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I have written a method which is designed to calculate the word co-occurrence matrix in a corpus, such that element(i,j) is the number of times that word i follows word j in the corpus.

Here is my code with a small example:

import numpy as np 
import nltk
from nltk import bigrams    

def co_occurrence_matrix(corpus):
    vocab = set(corpus)
    vocab = list(vocab)

    # Key:Value = Word:Index
    vocab_to_index = { word:i for i, word in enumerate(vocab) }

    # Create bigrams from all words in corpus
    bi_grams = list(bigrams(corpus))

    # Frequency distribution of bigrams ((word1, word2), num_occurrences)
    bigram_freq = nltk.FreqDist(bi_grams).most_common(len(bi_grams))

    # Initialise co-occurrence matrix
    # co_occurrence_matrix[current][previous]
    co_occurrence_matrix = np.zeros((len(vocab), len(vocab)))

    # Loop through the bigrams in the frequency distribution, noting the 
    # current and previous word, and the number of occurrences of the bigram.
    # Get the vocab index of the current and previous words.
    # Put the number of occurrences into the appropriate element of the array.
    for bigram in bigram_freq:
        current = bigram[0][1]
        previous = bigram[0][0]
        count = bigram[1]
        pos_current = vocab_to_index[current]
        pos_previous = vocab_to_index[previous]
        co_occurrence_matrix[pos_current][pos_previous] = count 

    co_occurrence_matrix = np.matrix(co_occurrence_matrix)

    return co_occurrence_matrix

test_sent = ['hello', 'i', 'am', 'hello', 'i', 'dont', 'want', 'to', 'i', 'dont']
m = co_occurrence_matrix(test_sent)

Output:

[[0. 2. 0. 0. 0. 0.]
 [0. 0. 0. 1. 0. 2.]
 [0. 1. 0. 0. 0. 0.]
 [0. 0. 0. 0. 1. 0.]
 [1. 0. 0. 0. 0. 0.]
 [0. 0. 1. 0. 0. 0.]]

Whilst the example shown works fine, when I scale this up to a much larger corpus, I get the following Killed:9 error. I assume this is because the matrix is very large.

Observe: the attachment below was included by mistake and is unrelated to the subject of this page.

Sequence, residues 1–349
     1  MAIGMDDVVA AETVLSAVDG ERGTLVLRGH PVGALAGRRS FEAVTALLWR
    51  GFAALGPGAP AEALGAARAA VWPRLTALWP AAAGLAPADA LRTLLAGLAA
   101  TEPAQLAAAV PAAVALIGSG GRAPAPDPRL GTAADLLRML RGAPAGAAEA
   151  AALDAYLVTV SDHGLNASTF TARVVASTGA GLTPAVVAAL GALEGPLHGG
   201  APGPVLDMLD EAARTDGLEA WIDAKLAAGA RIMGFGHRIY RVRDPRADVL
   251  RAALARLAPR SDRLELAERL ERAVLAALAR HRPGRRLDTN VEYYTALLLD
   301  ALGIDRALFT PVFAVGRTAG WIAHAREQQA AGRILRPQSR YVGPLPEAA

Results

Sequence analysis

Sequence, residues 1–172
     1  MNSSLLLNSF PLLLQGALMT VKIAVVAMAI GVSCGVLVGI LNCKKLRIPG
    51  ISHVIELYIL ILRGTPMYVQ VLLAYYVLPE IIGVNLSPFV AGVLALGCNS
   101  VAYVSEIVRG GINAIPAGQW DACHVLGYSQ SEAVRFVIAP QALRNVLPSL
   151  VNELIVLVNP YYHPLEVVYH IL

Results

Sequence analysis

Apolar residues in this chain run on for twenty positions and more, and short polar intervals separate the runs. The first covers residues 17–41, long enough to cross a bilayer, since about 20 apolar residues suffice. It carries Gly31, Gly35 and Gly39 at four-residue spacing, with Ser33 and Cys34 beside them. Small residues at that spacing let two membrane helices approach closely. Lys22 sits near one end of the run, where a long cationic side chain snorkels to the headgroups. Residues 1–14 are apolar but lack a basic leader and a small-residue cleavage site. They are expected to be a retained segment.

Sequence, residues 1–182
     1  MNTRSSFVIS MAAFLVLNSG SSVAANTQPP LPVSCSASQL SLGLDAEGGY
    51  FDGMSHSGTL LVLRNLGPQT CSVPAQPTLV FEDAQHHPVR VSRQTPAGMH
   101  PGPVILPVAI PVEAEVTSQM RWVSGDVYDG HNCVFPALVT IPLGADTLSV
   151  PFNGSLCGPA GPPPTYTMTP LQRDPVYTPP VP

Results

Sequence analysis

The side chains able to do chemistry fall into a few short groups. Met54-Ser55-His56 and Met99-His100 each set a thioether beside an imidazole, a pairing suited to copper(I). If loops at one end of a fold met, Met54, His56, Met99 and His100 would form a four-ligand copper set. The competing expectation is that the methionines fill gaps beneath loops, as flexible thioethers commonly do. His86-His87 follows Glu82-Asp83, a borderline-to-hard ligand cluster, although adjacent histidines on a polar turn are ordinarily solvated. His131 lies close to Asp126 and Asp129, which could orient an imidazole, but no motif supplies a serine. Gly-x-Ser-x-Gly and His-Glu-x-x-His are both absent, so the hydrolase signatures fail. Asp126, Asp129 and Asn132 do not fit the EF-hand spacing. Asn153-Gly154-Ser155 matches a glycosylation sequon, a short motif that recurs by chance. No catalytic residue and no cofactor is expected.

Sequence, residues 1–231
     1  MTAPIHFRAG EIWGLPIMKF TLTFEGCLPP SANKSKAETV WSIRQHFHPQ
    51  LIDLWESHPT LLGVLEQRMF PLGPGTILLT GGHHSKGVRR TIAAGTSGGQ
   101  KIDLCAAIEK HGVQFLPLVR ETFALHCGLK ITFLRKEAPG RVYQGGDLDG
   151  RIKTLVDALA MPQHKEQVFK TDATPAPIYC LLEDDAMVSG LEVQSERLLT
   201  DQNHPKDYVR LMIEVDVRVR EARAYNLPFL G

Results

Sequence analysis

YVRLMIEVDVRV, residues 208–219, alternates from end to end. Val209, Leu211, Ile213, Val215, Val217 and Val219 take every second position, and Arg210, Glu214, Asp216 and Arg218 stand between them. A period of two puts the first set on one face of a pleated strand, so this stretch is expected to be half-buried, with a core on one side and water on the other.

I am looking to make this method more efficient so that I can use it for large corpuses! (A few million words.)

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    \$\begingroup\$ Explanation for the downvote please. This is completely on topic for this website, and includes a full working example of my code. \$\endgroup\$ – quanty Feb 27 '18 at 21:39
  • \$\begingroup\$ Just as a sanity check — is your memory sufficient to contain such a large matrix (regardless of the processing that leads to the result)? In other words, does np.random.randint(2, size=(n, n)) work? \$\endgroup\$ – 200_success Feb 27 '18 at 21:41
  • \$\begingroup\$ @200_success It seems not. Random matrix caps out way before 1m words! Looks like I'll have to go to the linux lab for this one. Besides that, could the code be made much more efficient? \$\endgroup\$ – quanty Feb 27 '18 at 21:46
  • \$\begingroup\$ I didn't downvote. In my opinion, this is a fine question for Code Review, since it is about scalability that demonstrably works correctly for small inputs. However, I think that some users may take the opinion that it's asking how to fix broken code, because you say that it crashes? \$\endgroup\$ – 200_success Feb 27 '18 at 21:56
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A 106 × 106 matrix would contain 1012 entries. Optimistically assuming one byte per entry, that would already be 1 TB. I would expect that most of the matrix entries will be 0. Consider looking into sparse matrices.

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